Jñāneśvar was the second of the four children of Vitthal Govind Kulkarni and Rukmini, a pious couple from Apegaon near Paithan on the banks of the river Godavari. Vitthal had studied Vedas and set out on pilgrimages at a young age. In Alandi, about 30 km from Pune, Sidhopant, a local Yajurveda Brahmin, was very much impressed with him and Vitthal married his daughter Rukmini.
After some time, getting permission from Rukmini, Vitthal went to Varanasi in Uttar Pradesh, India, where he met Ramananda Swami and requested to be initiated into sannyas, lying about his marriage. But Ramananda Swami later went to Alandi and, convinced that his student Vitthal was the husband of Rukmini, he returned to Kashi and ordered Vitthal to return home to his family. The couple was excommunicated from the Brahmin caste as Vitthal had broken with sannyas, the last of the four ashrams. Four children were born to them; Nivrutti, Jñāndev, Sopan, Mukta. It is believed that later Vitthal and Rukmini ended their lives by jumping into the waters at Prayag where the river Ganges meets Yamuna hoping that their children would be accepted into the society after their death.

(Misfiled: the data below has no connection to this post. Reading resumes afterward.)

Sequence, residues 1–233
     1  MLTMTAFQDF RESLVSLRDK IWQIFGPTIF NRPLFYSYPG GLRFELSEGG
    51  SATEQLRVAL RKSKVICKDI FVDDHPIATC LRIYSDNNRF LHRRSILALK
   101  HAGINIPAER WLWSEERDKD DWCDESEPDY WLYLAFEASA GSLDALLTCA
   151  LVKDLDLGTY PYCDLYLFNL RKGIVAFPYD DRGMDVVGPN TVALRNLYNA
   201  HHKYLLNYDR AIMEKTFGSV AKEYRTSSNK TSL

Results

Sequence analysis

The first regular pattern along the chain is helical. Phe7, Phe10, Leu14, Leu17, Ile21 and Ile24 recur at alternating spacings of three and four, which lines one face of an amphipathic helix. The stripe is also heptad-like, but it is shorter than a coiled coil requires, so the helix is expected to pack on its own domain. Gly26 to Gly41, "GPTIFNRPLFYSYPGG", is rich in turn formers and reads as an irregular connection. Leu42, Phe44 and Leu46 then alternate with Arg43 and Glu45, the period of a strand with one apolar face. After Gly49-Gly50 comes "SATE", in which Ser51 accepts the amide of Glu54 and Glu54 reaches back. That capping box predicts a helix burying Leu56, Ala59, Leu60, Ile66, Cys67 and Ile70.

The orphaned children grew up on alms. They approached the Brahmin community of Paithan to accept them but the Brahmins refused. According to the disputed "Shuddhi Patra" the children were purified by the Brahmins on condition of observing celibacy. But when they returned the Brahmins did not pay any attention to the Shuddhi Patra and told that it was fake. Later a farmer take them to live with his family where Jñāneśvar translated the Bhagavad Gita into the Marathi language and performed many miracles; flying on a wall was the most famous one..